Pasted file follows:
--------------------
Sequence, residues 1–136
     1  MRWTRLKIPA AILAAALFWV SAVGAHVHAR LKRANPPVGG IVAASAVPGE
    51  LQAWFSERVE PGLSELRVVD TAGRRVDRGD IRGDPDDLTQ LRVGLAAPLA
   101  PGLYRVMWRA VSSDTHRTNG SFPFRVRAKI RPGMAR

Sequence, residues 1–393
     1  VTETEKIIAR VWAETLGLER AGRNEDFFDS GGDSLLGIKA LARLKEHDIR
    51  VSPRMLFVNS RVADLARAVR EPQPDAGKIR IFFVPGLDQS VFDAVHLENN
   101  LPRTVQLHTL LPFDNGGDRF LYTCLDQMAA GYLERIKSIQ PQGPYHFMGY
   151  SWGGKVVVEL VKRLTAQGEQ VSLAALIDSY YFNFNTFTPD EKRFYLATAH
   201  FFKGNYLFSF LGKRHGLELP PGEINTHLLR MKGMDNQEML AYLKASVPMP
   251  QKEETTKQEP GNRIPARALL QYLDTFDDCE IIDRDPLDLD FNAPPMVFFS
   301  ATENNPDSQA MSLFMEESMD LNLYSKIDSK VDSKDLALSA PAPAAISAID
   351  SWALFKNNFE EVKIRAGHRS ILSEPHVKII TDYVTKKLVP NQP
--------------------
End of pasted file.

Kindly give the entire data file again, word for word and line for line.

Sequence, residues 1–136
     1  MRWTRLKIPA AILAAALFWV SAVGAHVHAR LKRANPPVGG IVAASAVPGE
    51  LQAWFSERVE PGLSELRVVD TAGRRVDRGD IRGDPDDLTQ LRVGLAAPLA
   101  PGLYRVMWRA VSSDTHRTNG SFPFRVRAKI RPGMAR

Sequence, residues 1–393
     1  VTETEKIIAR VWAETLGLER AGRNEDFFDS GGDSLLGIKA LARLKEHDIR
    51  VSPRMLFVNS RVADLARAVR EPQPDAGKIR IFFVPGLDQS VFDAVHLENN
   101  LPRTVQLHTL LPFDNGGDRF LYTCLDQMAA GYLERIKSIQ PQGPYHFMGY
   151  SWGGKVVVEL VKRLTAQGEQ VSLAALIDSY YFNFNTFTPD EKRFYLATAH
   201  FFKGNYLFSF LGKRHGLELP PGEINTHLLR MKGMDNQEML AYLKASVPMP
   251  QKEETTKQEP GNRIPARALL QYLDTFDDCE IIDRDPLDLD FNAPPMVFFS
   301  ATENNPDSQA MSLFMEESMD LNLYSKIDSK VDSKDLALSA PAPAAISAID
   351  SWALFKNNFE EVKIRAGHRS ILSEPHVKII TDYVTKKLVP NQP